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Keeping Reptiles Newsletter
 Issue 5   
March, 2005
FEEDING SNAKES - DEAD FOOD Part 2
In this Issue

DEAD FOOD

Sacrificing Feeders

"Sacrifice" is one term commonly used in place of "kill," and it's more accurate because we aren't killing rodents for fun but instead for a very specific purpose. The rodent's life is sacrificed as humanely as possible to provide nourishment to a snake, as nature intended. Some people don't want any part of doing this themselves, and that's fine. Frozen food animals can be purchased already conveniently prepackaged. But for those who wish to individually prekill one rodent just prior to feeding or sacrifice many at once to be frozen, the following standard methods are presented.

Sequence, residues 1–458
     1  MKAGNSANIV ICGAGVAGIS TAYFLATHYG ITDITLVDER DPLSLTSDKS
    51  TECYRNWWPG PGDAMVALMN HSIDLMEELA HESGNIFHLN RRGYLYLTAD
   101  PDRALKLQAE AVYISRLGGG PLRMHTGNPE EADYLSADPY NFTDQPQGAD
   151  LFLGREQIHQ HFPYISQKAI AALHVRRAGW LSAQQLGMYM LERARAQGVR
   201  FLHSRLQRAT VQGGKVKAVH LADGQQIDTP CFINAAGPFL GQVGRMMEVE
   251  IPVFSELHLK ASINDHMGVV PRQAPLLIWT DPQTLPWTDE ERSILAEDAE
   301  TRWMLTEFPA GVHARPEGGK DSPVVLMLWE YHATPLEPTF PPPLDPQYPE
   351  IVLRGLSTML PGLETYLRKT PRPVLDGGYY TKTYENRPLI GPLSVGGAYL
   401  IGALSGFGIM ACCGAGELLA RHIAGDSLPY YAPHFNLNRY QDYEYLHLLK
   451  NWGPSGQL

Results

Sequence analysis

A rodent can be held by the tail, and the back of its head can be struck on a hard surface. If done properly, with good aim and sufficient force, death is immediate. Alternatively, a screwdriver handle can be used to strike the base of the rodent's skull. Either of these methods may produce a few drops of blood from the nose or ears of the animal. Some people flash freeze newborn rodents, and they succumb quickly, but this should not be done with older feeders because it's too slow.

When sacrificing numerous animals, the preferred method is to use a gas chamber with carbon dioxide. As you may remember from high school science class, CO2 is the gas that we breath out as a normal byproduct of our respiration. As the rodents are deprived of oxygen by the presence of carbon dioxide, the animals suffocate much like they would while being constricted by a snake. It is very quick, doesn't draw blood, and leaves behind no residual contamination of the food animals.